BlackBerry Classic Launch 20141217

Android Headliner: Do We Need Physical Keyboards?

June 20, 2015 - Written By Alexander Maxham

There’s been a lot of talk lately surrounding BlackBerry and their thoughts on making BlackBerries running on Android. We even saw a couple leak out this week in the form of ‘Venice’ and ‘Prague’, obviously those are both codenames. It’s gotten a lot of people excited, but why? What’s so exciting about a BlackBerry running on Android? It’s the keyboard. The physical QWERTY Keyboard that is on most BlackBerries. Although the Prague is supposedly not going to have one.

BlackBerry made its money on those physical keyboards, and they are hoping they can hop on over to Android and cash in there as well. Currently there are no smartphones out there with a physical keyboard running on Android. Well there is one, the LG Optimus F3Q, but it’s not exactly mind-blowing, and has been out for a few years. There are still users out there that want a physical keyboard on their smartphone, while there are many great keyboards available on Android like SwiftKey, Fleksy and even Google’s own Keyboard, why do we need a physical keyboard that will just take up space that could be used for a larger display?

With physical keyboards, you can’t swipe around to type words, like you would with SwiftKey or Swype. However, Android is all about choice. We have phones that are as small as 3.5-inches going all the way up to 6-inches. So having a few phones with physical keyboards would make sense, but it also makes you wonder, why did manufacturers like Motorola stop making phones with physical keyboards? Could it be because perhaps they weren’t selling? Probably.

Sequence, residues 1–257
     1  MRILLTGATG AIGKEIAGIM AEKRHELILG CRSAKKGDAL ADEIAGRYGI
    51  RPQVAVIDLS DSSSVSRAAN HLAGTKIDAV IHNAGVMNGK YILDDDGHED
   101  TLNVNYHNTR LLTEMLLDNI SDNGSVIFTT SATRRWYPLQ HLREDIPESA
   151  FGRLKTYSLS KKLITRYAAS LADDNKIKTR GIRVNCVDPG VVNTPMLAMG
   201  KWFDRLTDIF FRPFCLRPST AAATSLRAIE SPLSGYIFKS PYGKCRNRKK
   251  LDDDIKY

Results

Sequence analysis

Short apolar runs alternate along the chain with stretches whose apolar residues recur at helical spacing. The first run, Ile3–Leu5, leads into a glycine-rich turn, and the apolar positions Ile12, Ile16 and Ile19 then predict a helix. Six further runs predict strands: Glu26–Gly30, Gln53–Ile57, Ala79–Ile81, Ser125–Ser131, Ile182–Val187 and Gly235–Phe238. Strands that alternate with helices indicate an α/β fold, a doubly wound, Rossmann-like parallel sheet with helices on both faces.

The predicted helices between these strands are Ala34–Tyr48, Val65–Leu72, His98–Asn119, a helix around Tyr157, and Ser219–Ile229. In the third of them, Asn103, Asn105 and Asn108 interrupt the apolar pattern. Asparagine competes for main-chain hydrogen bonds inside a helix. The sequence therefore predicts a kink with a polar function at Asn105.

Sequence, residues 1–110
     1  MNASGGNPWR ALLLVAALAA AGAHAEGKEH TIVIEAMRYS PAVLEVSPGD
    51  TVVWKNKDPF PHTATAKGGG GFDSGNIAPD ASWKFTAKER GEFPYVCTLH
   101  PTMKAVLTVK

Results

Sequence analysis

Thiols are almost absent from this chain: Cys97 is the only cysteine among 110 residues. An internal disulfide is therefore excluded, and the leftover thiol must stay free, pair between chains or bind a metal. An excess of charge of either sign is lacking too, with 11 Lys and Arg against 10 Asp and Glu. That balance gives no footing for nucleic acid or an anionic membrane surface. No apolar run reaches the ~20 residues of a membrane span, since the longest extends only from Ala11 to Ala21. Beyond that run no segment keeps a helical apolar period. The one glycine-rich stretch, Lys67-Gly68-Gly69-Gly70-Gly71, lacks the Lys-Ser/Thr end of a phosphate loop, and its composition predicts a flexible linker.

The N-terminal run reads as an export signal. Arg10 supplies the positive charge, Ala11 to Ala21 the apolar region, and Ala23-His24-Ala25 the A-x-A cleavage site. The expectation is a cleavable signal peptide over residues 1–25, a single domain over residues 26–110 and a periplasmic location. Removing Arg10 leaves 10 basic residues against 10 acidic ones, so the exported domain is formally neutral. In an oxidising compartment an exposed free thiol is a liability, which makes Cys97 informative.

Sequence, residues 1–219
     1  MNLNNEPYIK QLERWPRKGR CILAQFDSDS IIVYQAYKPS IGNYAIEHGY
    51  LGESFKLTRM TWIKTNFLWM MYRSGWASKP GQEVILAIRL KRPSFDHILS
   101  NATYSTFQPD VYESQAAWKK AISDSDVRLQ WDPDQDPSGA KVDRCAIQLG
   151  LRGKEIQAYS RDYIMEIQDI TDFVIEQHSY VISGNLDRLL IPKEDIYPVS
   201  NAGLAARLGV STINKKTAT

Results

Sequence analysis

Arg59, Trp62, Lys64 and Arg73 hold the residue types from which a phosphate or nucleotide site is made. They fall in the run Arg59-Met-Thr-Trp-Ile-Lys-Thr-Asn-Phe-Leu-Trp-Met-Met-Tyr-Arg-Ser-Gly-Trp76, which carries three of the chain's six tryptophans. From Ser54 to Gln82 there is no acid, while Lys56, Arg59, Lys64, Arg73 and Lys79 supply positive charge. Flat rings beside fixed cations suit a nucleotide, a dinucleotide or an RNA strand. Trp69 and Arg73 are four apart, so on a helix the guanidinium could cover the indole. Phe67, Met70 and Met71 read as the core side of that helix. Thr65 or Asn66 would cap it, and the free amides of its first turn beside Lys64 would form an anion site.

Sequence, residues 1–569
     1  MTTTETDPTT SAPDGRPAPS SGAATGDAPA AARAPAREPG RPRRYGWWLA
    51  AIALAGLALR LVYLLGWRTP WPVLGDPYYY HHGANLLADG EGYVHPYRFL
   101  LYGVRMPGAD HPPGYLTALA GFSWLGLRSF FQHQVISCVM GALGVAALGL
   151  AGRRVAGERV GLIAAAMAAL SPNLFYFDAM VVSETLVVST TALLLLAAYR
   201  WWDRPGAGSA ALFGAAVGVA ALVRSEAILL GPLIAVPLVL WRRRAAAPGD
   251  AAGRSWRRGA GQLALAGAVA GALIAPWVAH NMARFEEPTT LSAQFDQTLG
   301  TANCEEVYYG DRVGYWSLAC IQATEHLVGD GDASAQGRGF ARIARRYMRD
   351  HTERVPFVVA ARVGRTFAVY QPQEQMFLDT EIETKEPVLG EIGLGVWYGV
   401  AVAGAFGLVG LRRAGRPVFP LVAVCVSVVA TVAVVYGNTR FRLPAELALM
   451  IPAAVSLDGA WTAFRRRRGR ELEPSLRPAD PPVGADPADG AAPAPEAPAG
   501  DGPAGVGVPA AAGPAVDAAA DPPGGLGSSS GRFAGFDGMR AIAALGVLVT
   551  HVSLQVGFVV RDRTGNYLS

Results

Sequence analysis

We’ve heard plenty of people excited about BlackBerry coming to Android because they want that physical keyboard, it’s something about BlackBerry’s keyboard that everyone loves. I’m not sure what it is, but if enough people buy it, I’m sure the Waterloo company would love to make a few more models. After all, their market share has dipped down to below 2%. However, with them running on Android, I’m not sure how much that would help their market share as it should go to the Android platform.

So physical keyboards, while they are nice, I don’t think we need them. But I wouldn’t say no to offering them. Like I said earlier, Android is all about choices and being able to get whatever you want from a phone, whether it be a big phone, a small phone, a powerful phone or a cheap phone. However, that BlackBerry Venice with the 5.4-inch QHD display and Qualcomm Snapdragon 808 sure does sound interesting.